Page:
Criticising Prime Minister Narendra Modi, for conducting a “scripted and orchestrated” conversation with some farmers while releasing the eighth installment of the PM-KISAN insurance scheme while shying away from a dialogue with representatives of the largest ever farmers’ movement, the SKM leadership said that he did not have the “courage to even allude to the current protest”.
“While the government is forced to procure more under pressure from protesting farmers, this is an inadequate response to the demand that minimum support price be guaranteed. While the public distribution system in India is indeed the largest such programme anywhere in the world, as alluded to by the Prime Minister, the farmers’ movement realises that [the PDS] is under threat from the BJP government,” the SKM leadership said.
On Khattar’s statement, the SKM claimed that protest sites have largely remained free of the pandemic. Its leaders say the Haryana chief minister’s statement shows his “anti-farmer” attitude.
The Citizen reported earlier how Jats in Haryana, who stood alienated after the reservation stir in 2016, are now leading the other communities against the farm laws.
Academic experts observe a similar change in western Uttar Pradesh, where communities like land-owning Jats and Muslim farm labourers stand united again, where they were once polarised by the Muzaffarnagar violence of 2013.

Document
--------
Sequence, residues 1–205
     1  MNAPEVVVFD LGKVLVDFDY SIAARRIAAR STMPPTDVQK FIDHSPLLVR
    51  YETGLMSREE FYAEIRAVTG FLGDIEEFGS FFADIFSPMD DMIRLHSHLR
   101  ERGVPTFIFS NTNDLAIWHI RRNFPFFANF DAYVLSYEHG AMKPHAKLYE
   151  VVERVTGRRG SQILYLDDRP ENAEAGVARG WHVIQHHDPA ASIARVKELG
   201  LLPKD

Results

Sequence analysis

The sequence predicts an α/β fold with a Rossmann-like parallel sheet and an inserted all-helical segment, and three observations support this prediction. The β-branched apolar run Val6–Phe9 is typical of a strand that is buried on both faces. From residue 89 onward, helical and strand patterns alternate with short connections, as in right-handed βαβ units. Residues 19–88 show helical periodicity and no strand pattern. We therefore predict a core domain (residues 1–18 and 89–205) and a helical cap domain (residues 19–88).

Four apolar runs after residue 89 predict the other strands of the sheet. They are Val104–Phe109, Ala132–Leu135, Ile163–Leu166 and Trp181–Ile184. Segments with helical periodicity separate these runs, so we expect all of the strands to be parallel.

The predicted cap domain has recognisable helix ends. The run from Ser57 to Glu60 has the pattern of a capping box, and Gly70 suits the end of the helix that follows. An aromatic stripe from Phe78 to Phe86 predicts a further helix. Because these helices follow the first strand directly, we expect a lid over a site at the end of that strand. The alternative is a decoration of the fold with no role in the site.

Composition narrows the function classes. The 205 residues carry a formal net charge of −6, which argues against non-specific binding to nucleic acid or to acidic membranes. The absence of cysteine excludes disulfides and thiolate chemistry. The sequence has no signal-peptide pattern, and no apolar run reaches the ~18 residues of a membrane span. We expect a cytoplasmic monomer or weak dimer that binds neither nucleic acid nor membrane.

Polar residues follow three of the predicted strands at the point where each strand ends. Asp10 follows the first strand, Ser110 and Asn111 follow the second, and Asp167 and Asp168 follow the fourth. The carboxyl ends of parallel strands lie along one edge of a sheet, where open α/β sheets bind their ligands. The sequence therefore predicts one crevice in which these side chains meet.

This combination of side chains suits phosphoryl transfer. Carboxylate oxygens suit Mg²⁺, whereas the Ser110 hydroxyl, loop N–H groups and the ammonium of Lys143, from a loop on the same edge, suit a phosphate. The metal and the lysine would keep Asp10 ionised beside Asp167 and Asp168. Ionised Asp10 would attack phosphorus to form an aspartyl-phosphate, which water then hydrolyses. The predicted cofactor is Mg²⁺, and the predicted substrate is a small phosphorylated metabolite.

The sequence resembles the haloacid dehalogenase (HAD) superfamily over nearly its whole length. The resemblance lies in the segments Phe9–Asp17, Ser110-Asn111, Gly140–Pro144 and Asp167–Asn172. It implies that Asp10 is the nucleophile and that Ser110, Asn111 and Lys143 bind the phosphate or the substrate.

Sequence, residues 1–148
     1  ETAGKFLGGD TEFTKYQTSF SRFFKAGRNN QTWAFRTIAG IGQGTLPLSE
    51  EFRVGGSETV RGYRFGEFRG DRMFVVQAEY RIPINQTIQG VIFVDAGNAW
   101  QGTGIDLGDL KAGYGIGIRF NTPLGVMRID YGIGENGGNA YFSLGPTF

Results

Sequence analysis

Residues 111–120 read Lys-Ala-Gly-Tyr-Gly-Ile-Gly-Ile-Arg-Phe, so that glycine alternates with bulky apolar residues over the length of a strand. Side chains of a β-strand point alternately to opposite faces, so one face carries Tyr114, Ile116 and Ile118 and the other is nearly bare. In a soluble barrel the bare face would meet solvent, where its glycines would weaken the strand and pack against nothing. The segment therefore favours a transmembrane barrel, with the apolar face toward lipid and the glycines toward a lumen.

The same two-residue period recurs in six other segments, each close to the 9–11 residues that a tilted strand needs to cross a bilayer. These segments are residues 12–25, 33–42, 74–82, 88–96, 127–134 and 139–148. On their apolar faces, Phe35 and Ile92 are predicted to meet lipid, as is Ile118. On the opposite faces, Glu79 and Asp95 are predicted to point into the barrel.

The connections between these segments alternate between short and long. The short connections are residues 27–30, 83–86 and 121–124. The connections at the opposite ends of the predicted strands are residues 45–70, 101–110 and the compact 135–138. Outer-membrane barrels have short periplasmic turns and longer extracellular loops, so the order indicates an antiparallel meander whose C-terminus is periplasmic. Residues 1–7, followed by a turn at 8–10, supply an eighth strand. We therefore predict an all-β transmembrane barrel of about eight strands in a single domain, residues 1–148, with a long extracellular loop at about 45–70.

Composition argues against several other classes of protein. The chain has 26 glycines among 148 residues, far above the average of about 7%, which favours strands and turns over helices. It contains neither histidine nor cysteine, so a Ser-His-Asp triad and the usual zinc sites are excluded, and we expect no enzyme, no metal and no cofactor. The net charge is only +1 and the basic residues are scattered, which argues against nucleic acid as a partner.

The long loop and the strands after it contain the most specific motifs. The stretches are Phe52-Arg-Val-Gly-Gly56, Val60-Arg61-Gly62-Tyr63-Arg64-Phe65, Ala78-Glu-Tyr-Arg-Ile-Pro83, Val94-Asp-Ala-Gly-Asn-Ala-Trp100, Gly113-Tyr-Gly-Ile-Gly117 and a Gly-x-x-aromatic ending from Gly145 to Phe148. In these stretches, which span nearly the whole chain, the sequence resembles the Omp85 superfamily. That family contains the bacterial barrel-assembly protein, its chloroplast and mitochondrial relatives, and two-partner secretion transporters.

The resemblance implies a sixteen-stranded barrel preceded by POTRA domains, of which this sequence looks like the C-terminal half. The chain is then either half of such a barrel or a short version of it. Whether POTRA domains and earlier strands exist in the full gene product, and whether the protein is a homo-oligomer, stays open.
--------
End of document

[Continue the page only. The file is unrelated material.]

There has also been a coming together of Dalits and Jats in the region, with the latter with leaders like Rakesh Tikait, actively seeking a broader unity.
In his deliberation at an “International Conference on Farmers’ Protest: A Pioneering Field for Social Sciences” Satendra Kumar of the Indian Institute of Advanced Study in Shimla said the farm agitation has brought together the polarised Jats and Muslims, and that the two communities have always shared a common culture with no animosity between them until 2013.
He also said that the agriculture sector in Uttar Pradesh is witnessing a rough patch for the last several years, and this has been further aggravated by laws and vigilantism against the cattle trade.
Kumar explained that in the last few years both the communities had lived in mutual animosity in the remote interiors of the state, because of rumours spread by Hindutva vigilantes about a threat to their lives from the other community.
“It is the right time that they have forgotten their animosity,” he said,pointing to the appeal made by Bharatiya Kisan Union leader Naresh Tikait with regard to forgiveness and coming together, and the subsequent response.
Similarly he pointed to Bhim Army chief Chandrashekhar Azad Ravan coming forward to extend support to Tikait. This support is not symbolic, he said, as it has been facilitated by the new economic conditions emerging in the last 20 years.
He said the caste divide has been blurred on account of youngsters from different strata facing similar hardships and being similarly demeaned when they go out to places like Delhi in search of elusive jobs.
They get rough treatment in the corporate culture, he said, and the pride of being a farmer that is left with them helps them in certain ways.
Another factor playing a role in the region, said Kumar, is that even land owners have been compelled to supplement their farm income from other sources, so the landowner and labourer binary has collapsed over the years.
Cover Photograph ANI